"I'm a business man, detective. I put in work just like the rest of you."
"Everyone's in place?"
"Affirmative," said a voice in his ear piece.
Detective Salazar stared into the transparent walls of the diner while standing across the street underneath a blinking street light. The air was unbearably cold, but his focus was fixed on the man sitting by himself at the booth in the middle of the diner.
The man casually drank his coffee with both his hands on the cup. He seemed inconspicuous enough; nothing about his horn-rimmed glasses and grey zip-up jacket gave any casual passerby the reason to be concerned of his presence. But Detective Salazar knew the truth, and tonight he was finally going to take him down.
He exhaled as he walked towards the diner. "I'm about to enter," he said into his ear piece. He opened the diner door and stopped when he heard the bell ring indicating someone had entered the restaurant.
The sound caught the attention of the man, whose eyes shot towards the door. His facial expression remained the same as he watched Salazar walk towards his booth and take a seat in front of him.
"Salazar," he said.
"Anderson Ward," said Salazar. "We meet at last."
"Perfect timing too," Ward said, "I'm just waiting for my food. Won't you join me?"
"That was the plan." The detective didn't seem like he was falling for any kind of ruse that Ward had up his sleeve.
"It's been inexplicably cold lately," Ward began. "Nothing a nice cup of coffee can't fix."
"You killed him," Salazar accused. "I'm surprised you've been so nonchalant about presenting yourself in public."
Ward laughed lightly, yet menacingly. "No small talk then? It's not one of those?"
"Why did you do it?" Salazar interrogated.
"I guess not." Ward let go of his coffee, sat up straight, and stared out the window.
"What was your relationship to Arthur McMillan?" Salazar was growing impatient, and Ward could sense it in the tone of his voice.
"Artie was a friend of mine," he answered.
"Some friend you are."
Ward shook his head. "I gave him what he needed the most: a chance to provide for his family. I'm all about family, detective. Anything I could do to help out."
"Then why did you do it?" Salazar asked again. "What did you possibly have to gain?"
"I suppose there's no use in trying to run anymore," Ward assumed. "I see you have Detective Campbell seated a couple booths behind me, and another officer waiting in your police car that's parked outside."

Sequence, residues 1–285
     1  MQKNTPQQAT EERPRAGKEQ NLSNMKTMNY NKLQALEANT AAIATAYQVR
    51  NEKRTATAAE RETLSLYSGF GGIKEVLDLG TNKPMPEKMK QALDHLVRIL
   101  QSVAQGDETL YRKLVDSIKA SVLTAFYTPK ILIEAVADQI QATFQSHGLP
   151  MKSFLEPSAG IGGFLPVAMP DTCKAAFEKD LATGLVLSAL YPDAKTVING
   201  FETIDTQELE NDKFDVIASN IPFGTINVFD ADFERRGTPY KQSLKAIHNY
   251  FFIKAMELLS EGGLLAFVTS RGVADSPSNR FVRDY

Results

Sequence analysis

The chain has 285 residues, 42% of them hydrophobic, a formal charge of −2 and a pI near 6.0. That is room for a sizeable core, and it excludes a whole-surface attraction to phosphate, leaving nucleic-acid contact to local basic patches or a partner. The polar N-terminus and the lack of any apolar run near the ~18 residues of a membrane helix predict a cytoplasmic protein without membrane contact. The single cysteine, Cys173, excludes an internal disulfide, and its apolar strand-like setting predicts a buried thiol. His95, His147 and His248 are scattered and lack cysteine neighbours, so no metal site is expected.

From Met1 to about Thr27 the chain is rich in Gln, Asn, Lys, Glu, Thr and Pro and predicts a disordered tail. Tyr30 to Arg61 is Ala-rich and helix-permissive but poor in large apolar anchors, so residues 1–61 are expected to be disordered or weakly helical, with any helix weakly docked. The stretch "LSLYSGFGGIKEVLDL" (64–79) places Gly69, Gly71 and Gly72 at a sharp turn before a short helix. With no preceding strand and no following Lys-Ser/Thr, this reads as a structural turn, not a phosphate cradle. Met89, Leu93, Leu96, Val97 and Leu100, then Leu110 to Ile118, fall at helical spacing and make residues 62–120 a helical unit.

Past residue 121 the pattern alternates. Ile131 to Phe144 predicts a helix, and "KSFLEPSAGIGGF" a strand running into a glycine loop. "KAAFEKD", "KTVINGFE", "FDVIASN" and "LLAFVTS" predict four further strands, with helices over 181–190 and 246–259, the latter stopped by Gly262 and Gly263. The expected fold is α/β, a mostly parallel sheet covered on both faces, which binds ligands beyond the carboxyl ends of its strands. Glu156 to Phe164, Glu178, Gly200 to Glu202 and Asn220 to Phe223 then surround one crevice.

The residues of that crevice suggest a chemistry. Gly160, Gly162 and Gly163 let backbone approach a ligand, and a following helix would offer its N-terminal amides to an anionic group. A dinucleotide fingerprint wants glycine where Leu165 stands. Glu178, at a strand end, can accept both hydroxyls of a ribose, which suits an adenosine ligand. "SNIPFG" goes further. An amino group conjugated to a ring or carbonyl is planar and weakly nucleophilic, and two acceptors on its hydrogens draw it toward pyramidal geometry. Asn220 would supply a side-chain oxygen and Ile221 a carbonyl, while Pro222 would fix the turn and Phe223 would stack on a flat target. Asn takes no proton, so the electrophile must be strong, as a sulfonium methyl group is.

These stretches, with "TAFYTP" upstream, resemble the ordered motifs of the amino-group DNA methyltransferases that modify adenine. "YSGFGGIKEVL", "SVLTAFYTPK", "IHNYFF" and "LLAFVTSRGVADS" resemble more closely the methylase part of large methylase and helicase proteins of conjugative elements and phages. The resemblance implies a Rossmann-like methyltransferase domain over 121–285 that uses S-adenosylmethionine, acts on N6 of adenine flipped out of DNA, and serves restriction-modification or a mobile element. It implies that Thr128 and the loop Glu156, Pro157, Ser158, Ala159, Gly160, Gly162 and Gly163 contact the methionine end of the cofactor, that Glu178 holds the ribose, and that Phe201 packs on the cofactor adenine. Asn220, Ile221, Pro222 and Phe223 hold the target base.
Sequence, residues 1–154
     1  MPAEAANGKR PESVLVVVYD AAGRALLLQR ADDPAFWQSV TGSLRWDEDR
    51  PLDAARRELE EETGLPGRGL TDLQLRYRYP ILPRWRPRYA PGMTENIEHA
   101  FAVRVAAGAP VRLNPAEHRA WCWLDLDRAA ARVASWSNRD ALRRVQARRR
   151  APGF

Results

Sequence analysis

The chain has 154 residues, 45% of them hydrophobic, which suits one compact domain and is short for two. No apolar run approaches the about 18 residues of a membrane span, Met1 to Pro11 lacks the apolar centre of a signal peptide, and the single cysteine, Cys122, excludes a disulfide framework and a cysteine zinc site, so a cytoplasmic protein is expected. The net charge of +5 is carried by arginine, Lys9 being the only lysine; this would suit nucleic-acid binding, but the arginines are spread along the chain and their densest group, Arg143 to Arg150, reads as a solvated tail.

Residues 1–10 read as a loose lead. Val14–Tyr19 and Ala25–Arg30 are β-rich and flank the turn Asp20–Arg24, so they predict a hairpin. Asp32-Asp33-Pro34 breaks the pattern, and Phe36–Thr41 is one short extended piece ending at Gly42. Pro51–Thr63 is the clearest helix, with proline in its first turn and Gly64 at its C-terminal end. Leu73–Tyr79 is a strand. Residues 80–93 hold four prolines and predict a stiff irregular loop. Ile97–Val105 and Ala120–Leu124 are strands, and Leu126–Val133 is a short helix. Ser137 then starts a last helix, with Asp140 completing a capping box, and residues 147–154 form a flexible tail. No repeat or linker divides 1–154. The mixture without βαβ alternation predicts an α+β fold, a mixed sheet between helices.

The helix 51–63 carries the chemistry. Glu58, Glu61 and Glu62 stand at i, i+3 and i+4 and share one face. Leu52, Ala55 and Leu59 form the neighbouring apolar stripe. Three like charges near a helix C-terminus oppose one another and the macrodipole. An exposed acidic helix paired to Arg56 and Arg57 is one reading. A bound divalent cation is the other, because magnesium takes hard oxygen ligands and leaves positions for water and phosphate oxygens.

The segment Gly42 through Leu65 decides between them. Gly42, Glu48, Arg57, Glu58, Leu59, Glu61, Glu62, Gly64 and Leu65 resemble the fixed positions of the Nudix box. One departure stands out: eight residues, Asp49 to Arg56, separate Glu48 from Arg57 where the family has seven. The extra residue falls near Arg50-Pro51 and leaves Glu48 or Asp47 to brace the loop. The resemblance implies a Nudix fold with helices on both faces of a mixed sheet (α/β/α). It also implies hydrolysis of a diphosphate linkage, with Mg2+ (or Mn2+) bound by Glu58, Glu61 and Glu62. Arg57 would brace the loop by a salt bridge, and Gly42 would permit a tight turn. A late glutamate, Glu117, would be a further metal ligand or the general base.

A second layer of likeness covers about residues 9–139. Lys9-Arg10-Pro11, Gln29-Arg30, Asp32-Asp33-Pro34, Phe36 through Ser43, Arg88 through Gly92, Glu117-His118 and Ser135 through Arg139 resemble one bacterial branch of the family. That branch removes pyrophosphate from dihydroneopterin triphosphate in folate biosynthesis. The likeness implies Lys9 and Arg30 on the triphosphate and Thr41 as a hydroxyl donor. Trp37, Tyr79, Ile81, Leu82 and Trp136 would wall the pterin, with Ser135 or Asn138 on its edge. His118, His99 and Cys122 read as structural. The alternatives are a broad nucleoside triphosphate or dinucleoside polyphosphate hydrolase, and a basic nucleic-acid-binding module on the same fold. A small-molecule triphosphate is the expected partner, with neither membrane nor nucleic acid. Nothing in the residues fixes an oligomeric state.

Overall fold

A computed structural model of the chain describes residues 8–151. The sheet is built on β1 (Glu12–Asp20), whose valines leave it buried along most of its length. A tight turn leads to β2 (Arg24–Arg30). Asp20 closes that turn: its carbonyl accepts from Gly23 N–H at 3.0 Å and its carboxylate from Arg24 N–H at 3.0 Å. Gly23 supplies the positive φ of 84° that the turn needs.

Ward waved to the officer outside.
"And there can be more coming soon if you don't cooperate," warned Salazar.
"Very well." Ward shrugged and cracked his fingers. "But first, I'm starving."
The waitress arrived at the table with a plate of biscuits and gravy and another plate full of bacon, eggs, and hash browns.
"Is there anything else I can do for you?" asked the waitress.
"No thank you, this is perfect," Ward said.
The waitress left. Salazar stared at Ward in disbelief.
"No more games, Ward," he began, "I need answers right now."
"Alright detective, since you've been so patient..." Ward stuffed his mouth with eggs while he spoke. "Artie knew too much."
"Everything," Ward said, pointing to his surroundings with his fork and knife. "He was only supposed to take out a loan, not snoop around my business endeavors."
"You mean your gang business?" accused Salazar.
Ward exhaled. "I'm not a gangster, despite what the media might have you believe, detective. I was never fond of the label to begin with."
"And what exactly would you prefer?" Salazar asked, leaning in towards him.
"Visionary?" Ward shrugged. "No, that's too cliche. It makes me sound like a movie villain. I'm a businessman, detective. I put in work just like the rest of you."
"The rest of us aren't murderers."
"Oh please," Ward sat back in his seat. "Everyone murders, just not with their hands. Everyone has murdered someone in their thoughts. Everyone has murdered with their eyes. It's the murderous daydreams people have that keep them from actually carrying out their violent ideas."
"There's nothing more violent and unjust than physically killing a man," Salazar argued.
"Perhaps," Ward began. "Maybe you're just not getting it. You need to open your mind, detective."
"I'm doing just fine the way I am, thank you very much."
"Then I guess I'm just losing it, aren't I?"
Salazar laughed. "I guess that's one place to start."
"Well what do you expect?" Ward asked. "Running a restaurant by yourself really takes a toll on you."
Salazar squinted his eyes at Ward until his heart suddenly sank in his chest. He broke his focus on Ward and peered over the criminal's shoulder to find that Detective Campbell was no longer sitting a couple booths down.
Suddenly, he heard a gun shot outside and turned to see smoke coming out of his police car. Salazar could feel his heart beat pounding in his head.
Salazar turned back to Ward and grabbed him by his collar.
"Where are they?" he growled.
"Unhand me!" Ward exclaimed. "This is a new shirt."
Salazar only tightened his grasp, choking Ward. "What have you done?"
Before Ward could answer, a heavy bottle of wine came crashing down on Salazar's head. His upper body collapsed onto the table as he lay unconscious. The waitress stood over him and threw what was left of the shattered bottle behind her.
Ward straightened himself up and got up from the booth.
"You take too long playing with your victims," said the waitress.
"I was still enjoying my food," Ward said, looking down at the two empty plates. "You have to enjoy each meal like it's your last."
The waitress rolled her eyes. "What do you want me to do with him?"
"Take him to the back," answered Ward. "I'll be back in a bit. I'm in the mood for some dessert."
He made his way out the diner and disappeared into the dark, cold night.